Thought for the Day:
“Quantity produces quality. If you only write a few things, you’re doomed.”
~ Ray Bradbury ~
Gifts for My Writer Friends:
Stephen King certainly has let writers know of his disdain for adverbs. HERE is a post from Woodpecker Books telling writers Stop Using Adverbs—How This One Tip Can Transform Your Writing.
All of our manuscripts have problems. HERE Nathan Branford has a good post on how to diagnose big picture problems in your novel.
First drafts are always messy. M. L. Davis has an excellent post HERE on Uninspired Writers that will tell you How to Fix a Fractured First Draft.
Here is your meme of the week. I can relate to this one! I haven’t started a new puzzle this week, but I did order two new ones online that just arrived. Maybe this week. My daughters and I have been talking a lot about how lives will be changed after this crisis comes to an end, as it inevitably will. Will things get back to normal or will there be a new normal? My older daughter, Maggie, an actor/musician who does live shows more than anything else, worries that theatres may not open for at least another year. And yet, she will be preparing a video next week for an audition for a national tour of a Broadway show. Hmmm. Maybe things will open sooner. It seems some people are thinking optimistically about that. She also has been doing some online shows under Equity contract with some other actor/musicians. My younger daughter, Sara, will no longer go to her office five days a week. She has been working from home for the last couple months. She and her boss have talked about it, and it looks like she will go in 2 or 3 days a week. She feels like she can be just as productive from home and might be able to do her job really well with only one day a week in the office. I am beginning to venture out a little more and am actually planning a grocery shopping trip this week. The big grocery store where I usually shop has senior hours on Tuesday and Thursday mornings from 5:00 to 7:30. I’m not a real morning person anymore, but I will try. I just want to be able to choose my own produce and there are some things I can get there, I can’t get ordering from other places. We shall see how it goes. I hope you all are doing well and staying well.
I heard from the publicist from Candlewick Press recently and requested a book called Kids Fight Plastic by Martin Dorey and illustrated by Tim Wesson. It looked like it would be fun and useful, and it is, but it’s really better than I hoped for. It explains how big and terrible is the problem of plastics, particularly in the oceans, and what it does — killing a wide variety of wildlife and contributing to the problems of climate change. It identifies many ways young people can be superheroes in the fight against plastic pollution. There are 16 major missions in the book, but each has some smaller things kids can do. The first chapter, Get to Know the Bad Stuff, will help kids learn about the different kinds of plastics and what can be recycled and what can’t. Each mission has a score that can be earned and encourages kids to earn those points. The book identifies real heroes — people who have done important work and creatures that have survived life-threatening encounters with plastics. All of this is written in very accessible, lively language young people will enjoy reading and will be engaged by. Every page has fun and interesting graphics and super-fun illustrations to keep those pages turning and those eyes busy on the pages. I recommend this book wholeheartedly. If fighting plastic pollution can be made fun and interesting, I am all for it, and that is what this book does.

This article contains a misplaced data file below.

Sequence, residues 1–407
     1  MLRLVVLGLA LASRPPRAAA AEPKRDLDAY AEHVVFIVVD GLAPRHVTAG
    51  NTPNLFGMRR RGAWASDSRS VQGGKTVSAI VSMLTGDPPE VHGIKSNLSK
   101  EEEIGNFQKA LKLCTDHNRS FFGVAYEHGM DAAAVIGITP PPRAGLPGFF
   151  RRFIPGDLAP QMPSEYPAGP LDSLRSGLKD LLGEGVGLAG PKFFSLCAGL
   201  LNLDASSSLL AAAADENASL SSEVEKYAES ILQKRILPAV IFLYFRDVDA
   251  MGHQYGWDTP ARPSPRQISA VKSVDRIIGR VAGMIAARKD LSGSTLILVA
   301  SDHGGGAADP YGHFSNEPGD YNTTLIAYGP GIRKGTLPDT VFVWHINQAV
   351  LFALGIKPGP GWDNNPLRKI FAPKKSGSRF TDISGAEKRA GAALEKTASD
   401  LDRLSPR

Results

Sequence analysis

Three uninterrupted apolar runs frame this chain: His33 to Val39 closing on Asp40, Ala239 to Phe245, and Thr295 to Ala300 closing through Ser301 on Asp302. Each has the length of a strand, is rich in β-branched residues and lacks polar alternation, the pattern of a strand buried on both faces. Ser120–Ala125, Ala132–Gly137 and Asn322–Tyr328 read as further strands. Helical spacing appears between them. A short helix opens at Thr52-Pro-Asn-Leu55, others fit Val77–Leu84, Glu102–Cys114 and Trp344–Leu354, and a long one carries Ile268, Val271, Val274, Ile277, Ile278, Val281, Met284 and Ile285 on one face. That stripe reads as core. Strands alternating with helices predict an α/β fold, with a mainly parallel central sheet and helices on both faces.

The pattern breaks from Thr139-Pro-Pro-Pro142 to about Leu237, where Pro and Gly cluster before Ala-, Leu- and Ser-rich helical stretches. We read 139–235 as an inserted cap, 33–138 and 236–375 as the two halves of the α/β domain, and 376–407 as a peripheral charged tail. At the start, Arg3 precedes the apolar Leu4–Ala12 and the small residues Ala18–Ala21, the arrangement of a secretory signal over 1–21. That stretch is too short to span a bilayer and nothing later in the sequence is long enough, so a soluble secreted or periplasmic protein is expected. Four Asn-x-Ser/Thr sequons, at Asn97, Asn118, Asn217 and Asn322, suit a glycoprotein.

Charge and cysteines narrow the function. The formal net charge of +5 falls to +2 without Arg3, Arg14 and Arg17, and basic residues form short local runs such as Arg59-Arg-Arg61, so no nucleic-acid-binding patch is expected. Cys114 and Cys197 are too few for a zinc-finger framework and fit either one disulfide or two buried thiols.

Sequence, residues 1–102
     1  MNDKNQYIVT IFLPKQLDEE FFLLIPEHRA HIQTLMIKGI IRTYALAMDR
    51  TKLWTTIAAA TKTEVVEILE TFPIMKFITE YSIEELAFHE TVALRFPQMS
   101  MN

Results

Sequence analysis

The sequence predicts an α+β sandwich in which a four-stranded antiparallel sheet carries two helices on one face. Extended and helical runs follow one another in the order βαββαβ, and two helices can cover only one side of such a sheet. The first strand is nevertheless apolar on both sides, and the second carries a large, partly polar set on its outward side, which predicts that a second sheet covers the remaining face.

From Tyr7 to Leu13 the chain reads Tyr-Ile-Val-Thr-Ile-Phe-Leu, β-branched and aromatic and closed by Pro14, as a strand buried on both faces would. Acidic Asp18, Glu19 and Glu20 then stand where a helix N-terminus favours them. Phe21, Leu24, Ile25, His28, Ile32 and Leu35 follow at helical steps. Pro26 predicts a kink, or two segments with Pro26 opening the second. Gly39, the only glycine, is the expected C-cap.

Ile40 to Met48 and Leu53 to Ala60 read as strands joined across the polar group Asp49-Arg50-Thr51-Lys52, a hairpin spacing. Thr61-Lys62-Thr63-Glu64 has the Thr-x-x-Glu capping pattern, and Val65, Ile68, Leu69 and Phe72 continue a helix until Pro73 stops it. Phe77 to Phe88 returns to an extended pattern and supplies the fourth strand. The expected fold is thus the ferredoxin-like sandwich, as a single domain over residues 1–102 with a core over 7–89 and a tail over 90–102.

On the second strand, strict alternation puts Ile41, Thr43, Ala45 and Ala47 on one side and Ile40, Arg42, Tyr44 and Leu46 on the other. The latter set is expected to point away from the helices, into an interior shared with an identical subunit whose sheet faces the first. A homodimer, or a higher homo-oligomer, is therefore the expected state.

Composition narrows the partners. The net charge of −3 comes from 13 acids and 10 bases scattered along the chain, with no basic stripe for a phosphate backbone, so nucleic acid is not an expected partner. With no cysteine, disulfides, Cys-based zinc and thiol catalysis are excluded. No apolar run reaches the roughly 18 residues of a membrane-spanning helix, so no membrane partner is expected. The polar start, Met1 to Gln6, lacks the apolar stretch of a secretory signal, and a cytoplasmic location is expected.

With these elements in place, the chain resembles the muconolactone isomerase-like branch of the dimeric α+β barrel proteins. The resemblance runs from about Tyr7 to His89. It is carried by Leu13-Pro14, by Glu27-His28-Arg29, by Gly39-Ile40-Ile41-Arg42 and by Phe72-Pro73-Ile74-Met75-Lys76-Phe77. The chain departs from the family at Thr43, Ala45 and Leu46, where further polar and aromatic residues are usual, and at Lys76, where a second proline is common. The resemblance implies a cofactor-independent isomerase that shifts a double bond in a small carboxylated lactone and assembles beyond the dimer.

I have a gently-read ARC for one of you. All you need do is be a follower or subscriber (it’s free!), have a U.S. address, and leave a comment below. If you would like extra chances, please share the link to this post on Facebook, Twitter, or any other social media outlet and let me know you have done that. And don’t forget to check for other Marvelous Middle-Grade Monday posts at the Greg Pattridge’s blog HERE.